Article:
[Webinar] Feedback and doctoral student writing
Time & Location
About the Event
Feedback is an important way through which doctoral students learn the expectations of writing at their particular level of study. It is also through feedback that students are inducted into the community of practice of their discipline. This feedback is provided by the student’s supervisor/s during their period of study as well as by examiners on completion of the degree. While a number of studies have examined supervisor feedback and examiner feedback, a matter that is still underexplored is how supervisors and examiners ask students to make changes to their work and the language they use to do this. This presentation examines the feedback that doctoral students get on their work from both supervisors and examiners. In particular, it examines features of this feedback that students might find difficult to interpret and, as a result, respond to.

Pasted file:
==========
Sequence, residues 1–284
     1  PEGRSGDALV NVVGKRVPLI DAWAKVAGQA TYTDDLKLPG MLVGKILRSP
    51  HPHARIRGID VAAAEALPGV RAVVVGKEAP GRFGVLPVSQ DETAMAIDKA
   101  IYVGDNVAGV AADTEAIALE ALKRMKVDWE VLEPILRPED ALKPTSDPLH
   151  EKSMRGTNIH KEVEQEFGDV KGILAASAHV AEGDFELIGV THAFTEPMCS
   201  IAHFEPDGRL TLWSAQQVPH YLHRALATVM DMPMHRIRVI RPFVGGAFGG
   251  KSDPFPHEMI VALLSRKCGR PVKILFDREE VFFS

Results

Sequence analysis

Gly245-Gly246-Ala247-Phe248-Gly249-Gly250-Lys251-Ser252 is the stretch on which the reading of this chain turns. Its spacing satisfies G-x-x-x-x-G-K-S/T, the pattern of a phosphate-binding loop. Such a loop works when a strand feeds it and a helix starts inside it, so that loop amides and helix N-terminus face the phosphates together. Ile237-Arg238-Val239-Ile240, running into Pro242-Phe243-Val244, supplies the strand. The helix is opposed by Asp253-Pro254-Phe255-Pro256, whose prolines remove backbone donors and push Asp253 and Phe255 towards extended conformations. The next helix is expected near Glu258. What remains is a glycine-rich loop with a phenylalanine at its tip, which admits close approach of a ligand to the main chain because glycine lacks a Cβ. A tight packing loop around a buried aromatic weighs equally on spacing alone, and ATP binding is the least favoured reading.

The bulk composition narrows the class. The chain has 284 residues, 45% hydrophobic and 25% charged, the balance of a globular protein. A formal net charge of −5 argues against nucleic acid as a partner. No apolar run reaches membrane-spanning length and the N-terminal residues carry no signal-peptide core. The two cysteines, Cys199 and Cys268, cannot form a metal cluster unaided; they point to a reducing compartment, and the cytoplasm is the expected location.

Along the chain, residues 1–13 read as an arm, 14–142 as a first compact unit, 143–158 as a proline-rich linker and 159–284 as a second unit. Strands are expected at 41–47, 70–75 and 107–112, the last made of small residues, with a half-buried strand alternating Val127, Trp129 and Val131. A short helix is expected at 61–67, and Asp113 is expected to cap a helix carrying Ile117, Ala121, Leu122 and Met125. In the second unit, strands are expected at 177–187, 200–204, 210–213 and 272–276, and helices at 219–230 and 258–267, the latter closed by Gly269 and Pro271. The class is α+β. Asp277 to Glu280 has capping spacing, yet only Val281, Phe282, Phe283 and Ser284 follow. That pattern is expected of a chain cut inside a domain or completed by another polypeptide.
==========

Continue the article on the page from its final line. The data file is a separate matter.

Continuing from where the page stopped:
Brian Paltridge is a visiting professor in the Department of English at the City University of Hong Kong. He is author of Discourse Analysis (third edition, Bloomsbury, 2021), The Discourse of Peer Review (Palgrave Macmillan, 2017) and, with Sue Starfield, Thesis and Dissertation Writing in a Second Language (second edition, Routledge, 2020) and Getting Published in Academic Journals (University of Michigan Press, 2016). He is currently writing a book with Sue Starfield titled Change and Stability in Thesis and Dissertation Writing to be published by Bloomsbury and, with Matthew Prior, editing The Routledge Handbook of Second Language Acquisition and Discourse. He is an editor emeritus for the journal English for Specific Purposes and a former editor of TESOL Quarterly.